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Here Lies Arthur by Philip Reeve

Posted by travizzt on January 1, 2010

This is a different kind of King Arthur story, but is it something you want to see in Camelot? Or would you rather have Merlin make it disappear?

Here Lies Arthur by Philip Reeve- This novel is a different story about the King Arthur legend.

The story follows a girl named Gwyna, who is running away from her home, which is in flames. During her escape she meets a man named Myrddin (who is Merlin) who takes pity on her and allows her a place to stay for a while. However, Myrddin has another use for little Gwyna, she becomes the Lady of the Lake and is the one who gives Arthur his sword Caliburn (Excalibur). After Gwyna gives the sword to Arthur, Myrddin makes her into a boy so she would be able to come with them. During the war-bands travels, Gwyna, now Gwyn, met a girl her age named Peri (who is really a boy named Peredur, or better known as Perceval). The duo play a trick on a “holy man” that causes the holy man to become more holy. Later the war-band takes over the city Aquae Sulis, making it Arthur’s capital. There Arthur meets Gwenhwyfar, whom he is really forced into marrying him. By this time, Gwyna is starting to look more and more like a young woman than a man. Myrddin seeing this decides to change Gwyn back into Gwyna and she goes into to serve Gwenhwyfar. Things slowly goes from bad to worse, almost shadowing the legend. This story is a different viewpoint and a whole different take on the legend of King Arthur.

1) Myrddin. He goes from likable, to vile, to just delusional. The problem I have is that he has all these various mood swings and it throws the reader off. But it’s more than that. For the longest time, I thought that Myrddin seemed to be really likable and enjoyable. Then he just changes and becomes a bitter, vile man. Then later on, you learn that the reason he becomes this way seems like a hurried explanation. Because of this, you realize that he was always lost within his own false stories he made up about Arthur. He’s still an interesting character, however.
2) Children Story? I saw that this was short-listed for some children story award. Is this really meant to be a children’s story? Really? With all the nudity, sex, graphic bloodshed, and the curse words, this really doesn’t seem to be child friendly. Unless the children stories have changed from when I was young to today.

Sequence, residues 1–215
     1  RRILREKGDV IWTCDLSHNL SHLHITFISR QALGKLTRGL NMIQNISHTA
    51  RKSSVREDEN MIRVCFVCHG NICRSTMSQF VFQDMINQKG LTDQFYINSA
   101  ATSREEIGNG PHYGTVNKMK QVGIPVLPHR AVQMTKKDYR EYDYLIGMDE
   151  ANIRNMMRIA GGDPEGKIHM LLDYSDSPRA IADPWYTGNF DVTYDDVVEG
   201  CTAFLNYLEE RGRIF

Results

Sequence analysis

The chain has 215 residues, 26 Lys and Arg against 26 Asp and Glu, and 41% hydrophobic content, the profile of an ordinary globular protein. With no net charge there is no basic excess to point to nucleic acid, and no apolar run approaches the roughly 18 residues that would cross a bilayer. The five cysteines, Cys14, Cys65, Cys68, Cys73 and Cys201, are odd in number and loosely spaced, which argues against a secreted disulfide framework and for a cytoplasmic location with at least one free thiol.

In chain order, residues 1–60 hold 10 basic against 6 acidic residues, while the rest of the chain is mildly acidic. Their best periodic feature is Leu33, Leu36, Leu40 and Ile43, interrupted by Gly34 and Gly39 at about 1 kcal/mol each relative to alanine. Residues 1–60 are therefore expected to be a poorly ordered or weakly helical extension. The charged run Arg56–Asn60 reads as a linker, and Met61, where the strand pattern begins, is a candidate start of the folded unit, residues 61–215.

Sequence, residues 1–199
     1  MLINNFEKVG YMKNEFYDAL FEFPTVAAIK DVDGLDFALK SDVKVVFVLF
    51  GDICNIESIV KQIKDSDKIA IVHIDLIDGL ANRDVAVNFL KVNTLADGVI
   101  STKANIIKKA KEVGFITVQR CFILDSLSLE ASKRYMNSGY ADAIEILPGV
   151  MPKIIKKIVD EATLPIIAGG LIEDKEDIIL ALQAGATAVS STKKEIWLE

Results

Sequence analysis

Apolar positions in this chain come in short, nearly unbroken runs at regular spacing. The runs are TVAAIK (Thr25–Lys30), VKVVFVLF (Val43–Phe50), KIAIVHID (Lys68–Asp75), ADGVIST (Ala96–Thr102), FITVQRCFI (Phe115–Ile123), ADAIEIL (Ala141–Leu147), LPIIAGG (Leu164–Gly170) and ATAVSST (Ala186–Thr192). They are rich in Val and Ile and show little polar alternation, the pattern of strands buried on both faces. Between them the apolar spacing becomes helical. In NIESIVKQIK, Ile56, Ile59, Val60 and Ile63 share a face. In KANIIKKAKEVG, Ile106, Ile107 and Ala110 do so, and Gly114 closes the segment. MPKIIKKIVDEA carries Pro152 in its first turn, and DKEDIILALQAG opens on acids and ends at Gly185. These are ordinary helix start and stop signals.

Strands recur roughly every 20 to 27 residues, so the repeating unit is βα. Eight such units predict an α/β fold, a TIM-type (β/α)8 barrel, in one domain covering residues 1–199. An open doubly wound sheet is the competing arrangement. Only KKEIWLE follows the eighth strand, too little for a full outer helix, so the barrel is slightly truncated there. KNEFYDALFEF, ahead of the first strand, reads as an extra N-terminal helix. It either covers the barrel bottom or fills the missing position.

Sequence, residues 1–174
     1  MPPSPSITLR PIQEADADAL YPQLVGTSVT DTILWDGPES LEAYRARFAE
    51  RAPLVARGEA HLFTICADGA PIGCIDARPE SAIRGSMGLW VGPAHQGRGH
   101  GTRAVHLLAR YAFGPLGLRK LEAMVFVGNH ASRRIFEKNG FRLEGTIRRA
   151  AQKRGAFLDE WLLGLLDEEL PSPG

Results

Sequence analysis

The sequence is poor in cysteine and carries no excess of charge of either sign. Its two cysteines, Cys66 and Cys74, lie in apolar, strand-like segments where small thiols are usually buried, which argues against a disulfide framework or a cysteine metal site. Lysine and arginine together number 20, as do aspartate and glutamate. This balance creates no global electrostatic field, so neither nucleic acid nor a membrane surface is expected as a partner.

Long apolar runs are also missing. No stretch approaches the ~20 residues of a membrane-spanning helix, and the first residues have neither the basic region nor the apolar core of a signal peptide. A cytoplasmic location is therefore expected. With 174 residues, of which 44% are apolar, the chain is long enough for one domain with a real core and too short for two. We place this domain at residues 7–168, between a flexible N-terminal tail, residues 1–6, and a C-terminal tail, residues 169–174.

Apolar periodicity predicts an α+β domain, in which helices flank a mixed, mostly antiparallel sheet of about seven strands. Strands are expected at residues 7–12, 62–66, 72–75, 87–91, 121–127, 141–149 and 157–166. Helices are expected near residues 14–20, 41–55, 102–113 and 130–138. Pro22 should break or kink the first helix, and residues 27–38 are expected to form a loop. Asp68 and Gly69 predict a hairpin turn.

1) Pacing. The story was a really fast read. It really kept me entertained and excited when I was reading. In fact, I really didn’t want to put the story down to long. The chapters were short and quick, only lasting a few pages. The story wasn’t bogged down in fancy wording or unimportant details. Gwyna’s narration was simple, yet riveting. It was like I was listening to own of Myrddin’s tall tales.
2) Villainous Arthur. Arthur was a villain! Seeing him as someone who I really hated was a shock but a shock I really enjoyed. Everyone thinks that Arthur is some sort of immortal hero, always just and true. Yet here, he is a vile, hateful, stupid, cruel man. I have to say I enjoy him like this than as a good man.
3) Dark. The whole story had a darker feel to it. From the beginning, seeing Gwyna’s home burn is dark. Then you have the tragic parts of Gwenhwyfar, Bedwyr, and Cei. On top of that Arthur isn’t noble and kind. It just felt dark. But it felt so right.

Side Notes:
1) Movies. It really seems that Philip Reeve took a lot, a lot of inspiration from movies like 1981’s Excalibur. There are some scenes from Excalibur that are, for the most part, taken word for word in this story, the best example the endings are very similar.
2) Legends to Characters. It was fun to try to figure out who was who from the legend to the story. Some were very obvious; Cei was Kay, Myrddin was Merlin, and Peredur was Perceval. Some where harder to figure out, but it still was interesting seeing who was who.
3) Cover Art. Simple, yet interesting. It seems clean. Seeing Caliburn being held by the Lady of the Lake reminiscent of the movie Excalibur really works well.

Overall: 5/5
Final Thoughts:
This was a fun take on King Arthur’s legend. The reason why I thought it was fun is because of how unlike the legend it is. Seeing Arthur as a vile character was different and I thought it works really well. Gwyna is an interesting character, going from girl to boy to girl again and how she deals with everything was fun to read about. It just was a fast paced story and exciting like nothing else.

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